A Reflection on What Style Is

Yes, I know we spent all December and all January being sick, one, the other, or both of us. This didn´t stop the husband from coming home from Football Refereeing Meet with a poisonous influenza. And finally, it got me as well, even though I moved into the spare room, used masses of soap and disinfectant and what not. I´m not quite as ill as he was, though, which is a small comfort.

I was supposed to read Hjalmar Söderberg, to prepare for a touring lecture on Tuesday, by Christer Henriksson (Swedish actor, most known internationally for being one version of Kurt Wallander in Ystad, and an authority on Söderberg), after which I thought I´d write a very learned paper blogpost on Söderberg. Instead, I find myself reading fashion essays by Lars Fr H Svendsen, watching fashion documentaries that I have stacked on our Sony DVD recorder harddrive, and catching up with what´s been going on at New York Fashion Week, mostly via the Sartorialist and his lady, the inimitable Garance Doré

(I am slightly distracted by my husband´s choice of "light reading", which is watching episode after episode of some documentary series about customs control in Dover, narrated by British actor Samuel West, who has the most AMAZING voice ever. I once - on a solitary ramble - attended a concert in Birmingham, at their equally amazing symphony hall. It was Igor Stravinsky´s Biblical Works, part of "Igor-fest", a project where they performed all of Stravinsky´s work during a four-year period. Sadly, since the Biblical Works are rarely performed, the hall was largely empty. It was one of my great musical experiences, and hearing West´s voice always takes me back to that.)

Anyway, yesterday morning I was reading Svendsen´s essay (which is available in English) on Fashion & the Body, and was presented with some thoughts that were new to me. What he is saying is that in late modernity, the creation of an identity of one´s own, is largely a project concerning the body. The body is becoming more central to our understanding of who we are. Some practices, like diet and asceticism, that used to have a spiritual purpose, is now primarily used to shape the body. It´s all about achieving a certain aesthetic ideal. The body has changed places with the consciousness - being a tabula rasa, an empty board, on which anything can be inscribed.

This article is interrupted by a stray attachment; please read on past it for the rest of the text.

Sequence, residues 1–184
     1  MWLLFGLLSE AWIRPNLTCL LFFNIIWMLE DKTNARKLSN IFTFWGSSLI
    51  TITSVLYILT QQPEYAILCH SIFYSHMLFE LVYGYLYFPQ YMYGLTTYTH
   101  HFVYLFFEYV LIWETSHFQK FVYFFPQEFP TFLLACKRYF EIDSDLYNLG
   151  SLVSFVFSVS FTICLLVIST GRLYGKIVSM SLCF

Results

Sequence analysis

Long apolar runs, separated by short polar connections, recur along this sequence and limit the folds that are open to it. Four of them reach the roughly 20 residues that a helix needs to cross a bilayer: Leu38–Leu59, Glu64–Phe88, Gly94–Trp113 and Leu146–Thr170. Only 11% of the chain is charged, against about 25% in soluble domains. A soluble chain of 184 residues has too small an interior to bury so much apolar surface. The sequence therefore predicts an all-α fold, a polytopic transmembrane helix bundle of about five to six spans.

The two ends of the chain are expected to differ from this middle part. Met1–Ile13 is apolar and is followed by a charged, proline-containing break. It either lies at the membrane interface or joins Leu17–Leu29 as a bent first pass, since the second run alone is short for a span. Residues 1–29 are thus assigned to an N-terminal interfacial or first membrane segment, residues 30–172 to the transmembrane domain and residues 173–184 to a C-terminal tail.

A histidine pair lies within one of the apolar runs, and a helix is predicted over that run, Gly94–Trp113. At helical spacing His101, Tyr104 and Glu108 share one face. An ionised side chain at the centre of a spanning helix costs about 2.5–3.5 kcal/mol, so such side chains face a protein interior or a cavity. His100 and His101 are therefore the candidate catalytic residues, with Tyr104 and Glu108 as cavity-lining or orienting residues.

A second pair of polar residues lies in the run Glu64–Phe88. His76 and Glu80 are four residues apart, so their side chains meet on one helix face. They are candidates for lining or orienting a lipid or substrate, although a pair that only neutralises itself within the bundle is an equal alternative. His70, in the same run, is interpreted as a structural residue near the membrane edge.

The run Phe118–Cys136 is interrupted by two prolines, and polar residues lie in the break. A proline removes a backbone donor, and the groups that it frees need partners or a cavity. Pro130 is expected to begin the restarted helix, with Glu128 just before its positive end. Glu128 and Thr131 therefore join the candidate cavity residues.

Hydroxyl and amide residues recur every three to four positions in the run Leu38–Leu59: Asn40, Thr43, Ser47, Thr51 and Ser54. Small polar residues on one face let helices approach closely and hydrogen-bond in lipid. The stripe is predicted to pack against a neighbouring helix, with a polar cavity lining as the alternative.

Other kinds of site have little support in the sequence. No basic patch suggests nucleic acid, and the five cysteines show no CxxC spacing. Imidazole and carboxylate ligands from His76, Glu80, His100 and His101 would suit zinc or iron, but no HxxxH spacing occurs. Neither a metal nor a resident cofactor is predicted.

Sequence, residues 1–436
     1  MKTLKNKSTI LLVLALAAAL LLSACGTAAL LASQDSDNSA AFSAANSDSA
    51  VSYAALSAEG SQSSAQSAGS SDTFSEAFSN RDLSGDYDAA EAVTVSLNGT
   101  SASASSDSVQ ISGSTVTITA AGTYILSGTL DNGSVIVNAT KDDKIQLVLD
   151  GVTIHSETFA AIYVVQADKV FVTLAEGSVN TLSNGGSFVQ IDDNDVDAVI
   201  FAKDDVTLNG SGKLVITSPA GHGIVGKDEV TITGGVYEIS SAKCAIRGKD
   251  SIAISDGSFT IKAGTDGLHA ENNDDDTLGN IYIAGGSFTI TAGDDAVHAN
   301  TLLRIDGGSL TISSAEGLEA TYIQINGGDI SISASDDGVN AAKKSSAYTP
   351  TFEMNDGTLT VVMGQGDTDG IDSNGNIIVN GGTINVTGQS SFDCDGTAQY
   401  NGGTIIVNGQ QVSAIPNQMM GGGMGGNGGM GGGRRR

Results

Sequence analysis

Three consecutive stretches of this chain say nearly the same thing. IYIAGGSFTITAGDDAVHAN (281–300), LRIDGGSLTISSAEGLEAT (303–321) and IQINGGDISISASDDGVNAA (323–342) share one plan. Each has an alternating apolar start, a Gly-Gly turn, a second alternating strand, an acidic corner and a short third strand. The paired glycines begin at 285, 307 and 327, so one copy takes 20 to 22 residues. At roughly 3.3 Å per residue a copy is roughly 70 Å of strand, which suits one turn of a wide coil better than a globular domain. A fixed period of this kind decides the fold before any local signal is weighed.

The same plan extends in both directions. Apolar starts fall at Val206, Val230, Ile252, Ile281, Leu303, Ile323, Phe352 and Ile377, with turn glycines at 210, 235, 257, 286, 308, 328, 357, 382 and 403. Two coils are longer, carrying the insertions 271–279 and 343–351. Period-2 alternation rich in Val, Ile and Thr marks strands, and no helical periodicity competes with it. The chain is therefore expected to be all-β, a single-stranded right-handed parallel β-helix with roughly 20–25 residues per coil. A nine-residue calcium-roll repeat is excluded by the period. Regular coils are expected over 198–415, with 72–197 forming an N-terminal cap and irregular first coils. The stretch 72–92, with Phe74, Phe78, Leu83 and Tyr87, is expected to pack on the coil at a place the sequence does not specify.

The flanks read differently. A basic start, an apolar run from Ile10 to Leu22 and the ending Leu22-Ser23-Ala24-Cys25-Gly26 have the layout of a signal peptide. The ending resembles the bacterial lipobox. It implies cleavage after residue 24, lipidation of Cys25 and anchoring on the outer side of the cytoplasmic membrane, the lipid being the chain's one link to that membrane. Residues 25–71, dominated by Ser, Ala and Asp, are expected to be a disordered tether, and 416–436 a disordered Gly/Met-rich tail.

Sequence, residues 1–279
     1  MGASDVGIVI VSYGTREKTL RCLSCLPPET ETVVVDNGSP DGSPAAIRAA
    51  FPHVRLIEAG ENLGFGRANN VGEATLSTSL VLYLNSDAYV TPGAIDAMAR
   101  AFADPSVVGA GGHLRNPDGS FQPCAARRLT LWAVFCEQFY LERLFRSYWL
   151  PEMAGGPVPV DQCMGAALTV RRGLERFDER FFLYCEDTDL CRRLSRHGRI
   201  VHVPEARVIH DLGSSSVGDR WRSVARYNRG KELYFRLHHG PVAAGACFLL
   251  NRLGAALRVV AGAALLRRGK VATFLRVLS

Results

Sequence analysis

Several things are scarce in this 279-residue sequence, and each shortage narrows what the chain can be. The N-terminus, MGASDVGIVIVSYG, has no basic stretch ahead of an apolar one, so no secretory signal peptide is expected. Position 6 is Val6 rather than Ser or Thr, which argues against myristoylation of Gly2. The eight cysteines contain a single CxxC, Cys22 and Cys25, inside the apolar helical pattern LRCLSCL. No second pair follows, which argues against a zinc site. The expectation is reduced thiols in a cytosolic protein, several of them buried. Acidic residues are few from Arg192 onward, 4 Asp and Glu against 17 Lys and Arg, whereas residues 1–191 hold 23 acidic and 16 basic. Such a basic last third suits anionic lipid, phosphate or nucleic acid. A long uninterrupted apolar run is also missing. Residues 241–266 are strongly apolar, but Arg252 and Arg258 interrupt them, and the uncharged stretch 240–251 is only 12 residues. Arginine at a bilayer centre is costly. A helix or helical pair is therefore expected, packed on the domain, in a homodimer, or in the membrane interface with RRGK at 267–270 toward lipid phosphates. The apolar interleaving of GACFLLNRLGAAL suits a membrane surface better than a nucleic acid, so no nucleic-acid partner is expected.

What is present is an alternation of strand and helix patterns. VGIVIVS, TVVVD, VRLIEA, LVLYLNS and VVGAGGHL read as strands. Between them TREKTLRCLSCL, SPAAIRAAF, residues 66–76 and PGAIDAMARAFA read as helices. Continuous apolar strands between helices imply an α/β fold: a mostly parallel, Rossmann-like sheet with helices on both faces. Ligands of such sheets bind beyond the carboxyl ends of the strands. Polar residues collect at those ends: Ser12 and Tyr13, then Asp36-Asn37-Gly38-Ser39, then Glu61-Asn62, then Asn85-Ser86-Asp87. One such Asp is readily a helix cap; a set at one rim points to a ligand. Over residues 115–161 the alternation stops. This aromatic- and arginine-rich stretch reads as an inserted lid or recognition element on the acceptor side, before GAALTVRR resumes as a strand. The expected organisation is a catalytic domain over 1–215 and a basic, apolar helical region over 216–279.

He also points out that the naked body has been depicted through history as if it was clothed. Fashion is actually shaping our idea of what our bodies look like - or are supposed to look like. Of course, the ideal is never entirely founded in reality, and so is out of reach for everybody. Perhaps this is obvious, but you know, I had never made the connection just like that before.

Hours later, I was watching an Italian documentary about Maddalena Sisto, who was a fashion journalist and illustrator (died only 49 years old in 2000). Her drawings, which are what she is most known for, are very fairytale like, very sublime. I think they depict fashion from a bit of a distance, with quite a substantial sense of humour. What got me leaning forward in my chair was when they started talking about how she preferred designers who described the female body in a very constructed, almost armoured way. There it was again: this idea that fashion is a narrative of the body.